Mermerus M16 – Sailing Sunday

MERMERUS M16 Sailing Sunday
photo ex Mac Taylor collection

The above photo of the M-class Mermerus planning at speed is proof that you do not need composite construction, carbon fibre & space-age  fabrics to go like the stink & most likely have the crew bricking themselves 🙂
Now if you believe Ron Carters 1954 book, ‘The Glory of Sail’, she was built in 1939 by Gainor Jackson of Devonport, Auckland.

I’m sure one of the anoraks will be able to confirm this & enlighten us further.

Update 01-12-2015 The photos below were sent in by harold Kidd ex Robin Elliott’s 1994 book ‘ Emmie – 70 Years of M-Class Yachting’

The first photo below shows Mermerus broaching, at this stage she was heading straight for the photographers boat & everyone (including the photographer) was in trouble. With skill (luck?) she passed inches from where the photographer was standing, prior to dropping flat onto the deck 🙂

The 2nd two photos shows Mermerus safely through the gap – Maui was not so lucky.

02-12-2015 Input from Robin Elliott

OK ….Opening Day 1946 – in a hard westerly.
Maui, in her first race and flying, had already capsized, and Manaia had broken her mast, had tidied up her broken spars and sails and was anchored awaiting a tow. Mermerus, sailed by 16-year old Phillip Jackson, has started about 10 minutes late and was miles behind the fleet. She had blundered into all this this carnage, got hit by a puff and bore away, but too far, because the Sandspit off Devonport was dead ahead – it was low tide and running aground at speed was not a good thing.

Their crew would appear to have been all over the place because the sudden course correction to starboard to avoid the Sandspit made the spinnaker sheet hand slip to leeward, still holding the sheet, where, so I was told, he got his fingers jammed in the spinnaker block. The extra few metres of sheet allowed the spinnaker pole to sky and lift the bow. Control is absent at this point. And …. Phillip’s older brother Gainor, has just spotted a Blue Boat dead ahead !!!

Max Frommherz of Marine Photos, standing on the foredeck of the Blue Boat, takes this one iconic photograph. The only one he took in the entire sequence, but what a photo!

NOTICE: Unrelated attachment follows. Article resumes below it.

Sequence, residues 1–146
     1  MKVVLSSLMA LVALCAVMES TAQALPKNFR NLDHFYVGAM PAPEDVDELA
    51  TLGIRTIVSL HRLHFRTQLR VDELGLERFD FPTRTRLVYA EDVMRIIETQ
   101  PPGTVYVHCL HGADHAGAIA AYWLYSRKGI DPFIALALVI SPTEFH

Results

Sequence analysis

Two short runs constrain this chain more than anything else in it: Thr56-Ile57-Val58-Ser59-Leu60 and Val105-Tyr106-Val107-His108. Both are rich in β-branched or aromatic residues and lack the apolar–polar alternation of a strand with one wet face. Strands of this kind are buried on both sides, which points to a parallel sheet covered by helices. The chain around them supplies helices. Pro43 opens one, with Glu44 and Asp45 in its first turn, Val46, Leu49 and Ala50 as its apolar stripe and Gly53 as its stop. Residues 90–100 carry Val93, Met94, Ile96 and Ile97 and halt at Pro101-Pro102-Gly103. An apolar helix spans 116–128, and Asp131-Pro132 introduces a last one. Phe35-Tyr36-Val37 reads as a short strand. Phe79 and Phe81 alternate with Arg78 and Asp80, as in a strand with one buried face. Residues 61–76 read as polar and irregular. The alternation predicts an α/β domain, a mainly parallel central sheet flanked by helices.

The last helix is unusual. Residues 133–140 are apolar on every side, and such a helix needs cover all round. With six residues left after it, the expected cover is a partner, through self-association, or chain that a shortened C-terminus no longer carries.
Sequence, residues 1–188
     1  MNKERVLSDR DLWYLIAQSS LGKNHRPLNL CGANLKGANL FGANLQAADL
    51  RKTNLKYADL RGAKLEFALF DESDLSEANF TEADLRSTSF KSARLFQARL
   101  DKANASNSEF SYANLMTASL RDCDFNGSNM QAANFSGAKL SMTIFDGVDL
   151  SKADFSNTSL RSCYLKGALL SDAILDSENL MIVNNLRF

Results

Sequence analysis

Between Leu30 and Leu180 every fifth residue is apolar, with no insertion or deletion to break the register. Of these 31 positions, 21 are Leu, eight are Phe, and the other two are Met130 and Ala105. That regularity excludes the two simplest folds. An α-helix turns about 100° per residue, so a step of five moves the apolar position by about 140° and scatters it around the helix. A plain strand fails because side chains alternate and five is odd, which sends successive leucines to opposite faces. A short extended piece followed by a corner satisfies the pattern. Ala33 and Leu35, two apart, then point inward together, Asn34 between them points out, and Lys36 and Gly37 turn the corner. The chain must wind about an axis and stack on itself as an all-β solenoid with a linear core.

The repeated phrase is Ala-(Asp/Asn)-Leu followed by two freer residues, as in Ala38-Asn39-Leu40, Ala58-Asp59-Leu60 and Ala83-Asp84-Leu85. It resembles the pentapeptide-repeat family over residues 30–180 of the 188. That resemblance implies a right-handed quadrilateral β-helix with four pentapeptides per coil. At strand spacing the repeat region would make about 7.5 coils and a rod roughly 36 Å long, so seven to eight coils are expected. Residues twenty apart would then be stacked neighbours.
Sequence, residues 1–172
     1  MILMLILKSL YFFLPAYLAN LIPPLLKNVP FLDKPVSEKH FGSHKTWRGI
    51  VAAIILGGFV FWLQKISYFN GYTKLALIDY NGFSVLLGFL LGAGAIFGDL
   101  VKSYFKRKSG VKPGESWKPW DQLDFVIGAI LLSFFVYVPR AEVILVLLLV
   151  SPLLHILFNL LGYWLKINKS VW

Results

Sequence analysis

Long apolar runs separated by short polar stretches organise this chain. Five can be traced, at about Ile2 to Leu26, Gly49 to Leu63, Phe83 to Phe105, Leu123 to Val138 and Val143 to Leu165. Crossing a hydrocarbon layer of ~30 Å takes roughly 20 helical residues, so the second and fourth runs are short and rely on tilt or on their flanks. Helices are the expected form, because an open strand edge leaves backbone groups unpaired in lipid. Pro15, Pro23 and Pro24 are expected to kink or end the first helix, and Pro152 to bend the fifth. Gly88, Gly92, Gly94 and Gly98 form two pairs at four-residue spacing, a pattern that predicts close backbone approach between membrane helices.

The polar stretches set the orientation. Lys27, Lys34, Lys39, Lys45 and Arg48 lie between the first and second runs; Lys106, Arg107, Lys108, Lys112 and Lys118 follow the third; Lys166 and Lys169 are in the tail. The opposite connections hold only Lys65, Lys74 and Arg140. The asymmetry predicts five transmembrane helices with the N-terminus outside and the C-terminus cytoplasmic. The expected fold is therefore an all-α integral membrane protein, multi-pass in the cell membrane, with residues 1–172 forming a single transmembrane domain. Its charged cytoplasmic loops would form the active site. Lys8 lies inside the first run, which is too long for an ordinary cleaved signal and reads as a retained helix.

Mermerus is now heading straight for the Blueboat. The crew are at sixes and sevens and all over each other as the sheet hand releases his fingers from the spinnaker block, lets go the sheet and the kite flogs like crazy.

Ian Mason, photographer for the NZ Herald, standing next to Max takes this next photo.

Mermerus now has major problems and very little time to fix them. Both photographers go flat to the deck as Mermerus’ spinnaker pole flies off the mast and arcs around the forestay, zipping over their heads (Ian Mason told me he still remembered the ‘woosh’ 🙂 ) as Mermerus rounds the bow of the Blue boat and head for a very narrow gap between the disabled yachts.

Ian Mason has a snazzy fast German camera and gets the next two shots away as Mermerus threads the needle between Maui and Manaia.

Note the first of these last images: the crew of Maui have ducked for cover as Mermerus slaloms through the gap, the man on the stern just can’t get far enough away from the flailing kite pole, and you can just see the fingers of the crewman amidships flat to the top planking and clinging on to the deck. In the second image, they surface, safe and relieved, after the mad flailing beast has gone through.

 

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11 thoughts on “Mermerus M16 – Sailing Sunday

  1. Love this sequence which features my late father Phillip Jackson and uncle Gainor, sailing the boat designed by his older brother Gifford and built under their house at 1 Jubilee Ave. You can still see where they had to remove part of the wall of the house to get the finished craft out. Ian Mason, one of the photographers was later my neighbour 🙂